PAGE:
But ballast water management has been given greater attention in recent decades because of the sheer volume—more than 2 million gallons of ballast water (equivalent to three Olympic-sized swimming pools) are released in U.S. waters every hour—that is 555 gallons a second—according to the Narragansett Bay Research Reserve.
Currently, mid-ocean (200 miles out from shore) ballast water exchange is the only internationally accepted, and required practice. This involves either overflowing the tanks or emptying and flushing them with mid-ocean water taken from at least 200 meters deep. If done correctly, this can eliminate nearly 99 percent of the biological content. However, this process can be dangerous and ineffective in inclement weather and rough seas. Other factors impacting the effectiveness of mid-ocean exchange include equipment failure and biota living in sediments that accumulate in ballast tanks that may not get flushed out. Onboard alternative treatment systems that either use chlorine or UV light to render organisms harmless are encouraged for this reason.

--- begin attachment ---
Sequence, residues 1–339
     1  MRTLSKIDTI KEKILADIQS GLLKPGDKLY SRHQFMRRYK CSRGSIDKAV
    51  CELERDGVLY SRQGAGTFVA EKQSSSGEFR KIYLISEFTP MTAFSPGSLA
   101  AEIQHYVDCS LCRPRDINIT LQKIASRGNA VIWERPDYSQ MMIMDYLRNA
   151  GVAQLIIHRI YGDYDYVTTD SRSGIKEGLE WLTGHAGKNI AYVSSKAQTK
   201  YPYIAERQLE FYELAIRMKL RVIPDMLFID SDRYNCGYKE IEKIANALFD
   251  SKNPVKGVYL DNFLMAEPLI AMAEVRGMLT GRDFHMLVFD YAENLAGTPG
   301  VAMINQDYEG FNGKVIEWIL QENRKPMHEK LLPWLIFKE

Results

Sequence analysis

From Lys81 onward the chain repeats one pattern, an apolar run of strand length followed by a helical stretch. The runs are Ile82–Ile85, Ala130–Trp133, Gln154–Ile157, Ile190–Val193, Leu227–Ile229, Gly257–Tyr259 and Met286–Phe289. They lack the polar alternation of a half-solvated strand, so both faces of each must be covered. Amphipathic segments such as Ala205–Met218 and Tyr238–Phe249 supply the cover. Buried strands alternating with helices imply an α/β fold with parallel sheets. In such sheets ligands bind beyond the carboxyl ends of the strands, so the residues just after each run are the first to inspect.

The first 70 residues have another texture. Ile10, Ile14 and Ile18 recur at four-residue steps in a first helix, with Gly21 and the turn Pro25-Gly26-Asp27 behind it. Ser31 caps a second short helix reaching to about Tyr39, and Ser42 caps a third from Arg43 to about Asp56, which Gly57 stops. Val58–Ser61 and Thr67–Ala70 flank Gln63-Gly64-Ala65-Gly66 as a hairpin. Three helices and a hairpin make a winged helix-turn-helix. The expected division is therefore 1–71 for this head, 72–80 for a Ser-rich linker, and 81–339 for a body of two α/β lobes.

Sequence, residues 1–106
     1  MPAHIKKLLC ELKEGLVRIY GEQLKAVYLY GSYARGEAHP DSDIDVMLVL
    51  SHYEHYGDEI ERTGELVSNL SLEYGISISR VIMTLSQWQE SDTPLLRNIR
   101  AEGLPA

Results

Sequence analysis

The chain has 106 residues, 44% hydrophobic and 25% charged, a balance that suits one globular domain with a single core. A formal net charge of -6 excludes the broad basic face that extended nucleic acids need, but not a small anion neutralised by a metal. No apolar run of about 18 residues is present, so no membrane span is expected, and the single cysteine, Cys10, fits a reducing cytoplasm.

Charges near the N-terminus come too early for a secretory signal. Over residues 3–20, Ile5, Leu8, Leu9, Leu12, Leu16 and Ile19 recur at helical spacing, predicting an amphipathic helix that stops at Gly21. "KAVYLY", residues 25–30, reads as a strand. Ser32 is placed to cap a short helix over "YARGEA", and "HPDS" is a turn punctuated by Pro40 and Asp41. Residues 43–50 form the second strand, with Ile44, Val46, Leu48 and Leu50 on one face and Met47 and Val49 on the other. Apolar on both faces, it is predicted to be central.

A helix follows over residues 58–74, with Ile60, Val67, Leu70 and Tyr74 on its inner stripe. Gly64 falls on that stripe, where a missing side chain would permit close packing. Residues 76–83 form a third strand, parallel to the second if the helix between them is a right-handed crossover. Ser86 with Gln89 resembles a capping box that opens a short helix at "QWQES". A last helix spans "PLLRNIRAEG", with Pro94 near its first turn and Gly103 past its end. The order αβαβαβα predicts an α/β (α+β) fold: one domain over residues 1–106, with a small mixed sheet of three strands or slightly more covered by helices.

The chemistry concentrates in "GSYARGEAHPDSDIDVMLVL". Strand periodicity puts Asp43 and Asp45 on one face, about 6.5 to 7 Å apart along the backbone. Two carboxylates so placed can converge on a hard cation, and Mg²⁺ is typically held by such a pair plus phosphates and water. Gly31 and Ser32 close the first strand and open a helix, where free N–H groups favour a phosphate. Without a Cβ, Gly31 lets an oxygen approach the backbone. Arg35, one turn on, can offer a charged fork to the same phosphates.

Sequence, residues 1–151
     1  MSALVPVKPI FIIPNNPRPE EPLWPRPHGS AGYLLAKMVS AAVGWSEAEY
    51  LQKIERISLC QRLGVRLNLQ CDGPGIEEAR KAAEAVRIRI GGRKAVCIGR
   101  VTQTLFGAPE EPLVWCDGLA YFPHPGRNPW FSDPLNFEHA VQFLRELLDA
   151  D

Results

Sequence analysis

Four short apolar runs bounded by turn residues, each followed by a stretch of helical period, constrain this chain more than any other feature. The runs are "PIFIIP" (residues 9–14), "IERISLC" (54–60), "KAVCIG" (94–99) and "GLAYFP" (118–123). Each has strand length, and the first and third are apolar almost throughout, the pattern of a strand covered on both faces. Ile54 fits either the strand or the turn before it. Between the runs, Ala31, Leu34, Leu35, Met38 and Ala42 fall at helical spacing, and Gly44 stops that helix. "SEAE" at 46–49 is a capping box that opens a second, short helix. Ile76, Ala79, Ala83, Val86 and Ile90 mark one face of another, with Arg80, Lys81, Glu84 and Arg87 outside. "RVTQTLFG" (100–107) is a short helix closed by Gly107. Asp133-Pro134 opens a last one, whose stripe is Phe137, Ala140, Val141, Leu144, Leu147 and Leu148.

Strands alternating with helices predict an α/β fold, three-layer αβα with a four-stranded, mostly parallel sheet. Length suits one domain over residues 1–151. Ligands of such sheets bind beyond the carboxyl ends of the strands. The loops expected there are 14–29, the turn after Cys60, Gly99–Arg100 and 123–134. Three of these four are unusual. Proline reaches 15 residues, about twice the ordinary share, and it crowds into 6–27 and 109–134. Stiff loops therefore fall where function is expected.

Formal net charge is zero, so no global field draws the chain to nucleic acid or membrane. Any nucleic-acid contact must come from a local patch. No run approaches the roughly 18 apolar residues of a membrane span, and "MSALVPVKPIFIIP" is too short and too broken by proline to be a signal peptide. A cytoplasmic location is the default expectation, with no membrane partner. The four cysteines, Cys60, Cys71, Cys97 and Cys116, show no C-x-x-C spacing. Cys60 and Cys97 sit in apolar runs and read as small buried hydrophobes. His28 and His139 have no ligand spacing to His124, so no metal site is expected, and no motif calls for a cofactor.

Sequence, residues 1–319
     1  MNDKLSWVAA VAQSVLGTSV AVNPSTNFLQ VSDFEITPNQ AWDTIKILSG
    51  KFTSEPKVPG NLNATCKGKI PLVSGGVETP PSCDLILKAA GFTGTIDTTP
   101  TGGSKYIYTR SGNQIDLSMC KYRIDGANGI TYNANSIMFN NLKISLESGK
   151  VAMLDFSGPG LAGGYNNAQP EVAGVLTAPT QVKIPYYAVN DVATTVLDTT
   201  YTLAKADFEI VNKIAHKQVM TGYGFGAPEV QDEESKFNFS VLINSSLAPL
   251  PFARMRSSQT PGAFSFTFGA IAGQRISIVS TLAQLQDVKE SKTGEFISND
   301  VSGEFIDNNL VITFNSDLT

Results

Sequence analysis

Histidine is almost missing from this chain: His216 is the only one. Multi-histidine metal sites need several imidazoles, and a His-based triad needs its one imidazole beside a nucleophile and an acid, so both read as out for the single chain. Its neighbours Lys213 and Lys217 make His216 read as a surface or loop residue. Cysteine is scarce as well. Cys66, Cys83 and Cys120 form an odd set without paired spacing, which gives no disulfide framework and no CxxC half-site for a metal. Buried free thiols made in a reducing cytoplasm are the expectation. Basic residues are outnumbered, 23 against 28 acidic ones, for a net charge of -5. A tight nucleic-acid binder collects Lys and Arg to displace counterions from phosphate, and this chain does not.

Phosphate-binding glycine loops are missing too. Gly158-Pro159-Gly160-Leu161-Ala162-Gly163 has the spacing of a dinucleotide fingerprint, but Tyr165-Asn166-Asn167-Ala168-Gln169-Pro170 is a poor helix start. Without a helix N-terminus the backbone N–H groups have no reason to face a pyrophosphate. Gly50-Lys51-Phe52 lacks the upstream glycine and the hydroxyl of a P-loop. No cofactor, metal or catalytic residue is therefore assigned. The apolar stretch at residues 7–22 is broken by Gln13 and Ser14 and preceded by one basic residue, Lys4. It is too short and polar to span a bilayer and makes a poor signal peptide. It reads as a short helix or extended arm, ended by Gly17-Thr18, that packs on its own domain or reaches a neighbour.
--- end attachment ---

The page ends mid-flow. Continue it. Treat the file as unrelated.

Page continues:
But even now, when ships are required to dump and exchange their ballast water out in the open ocean to rid themselves of potentially invasive species, the spread of invasives continues to grow. This is because, in a new globalized economy, shipping accounts for 90 percent of the world trade.
“It’s Russian roulette,” Hobbs says, explaining that increased commerce ups the odds on invasive species establishing themselves. “It’s stacking the deck in favor of more successful species.”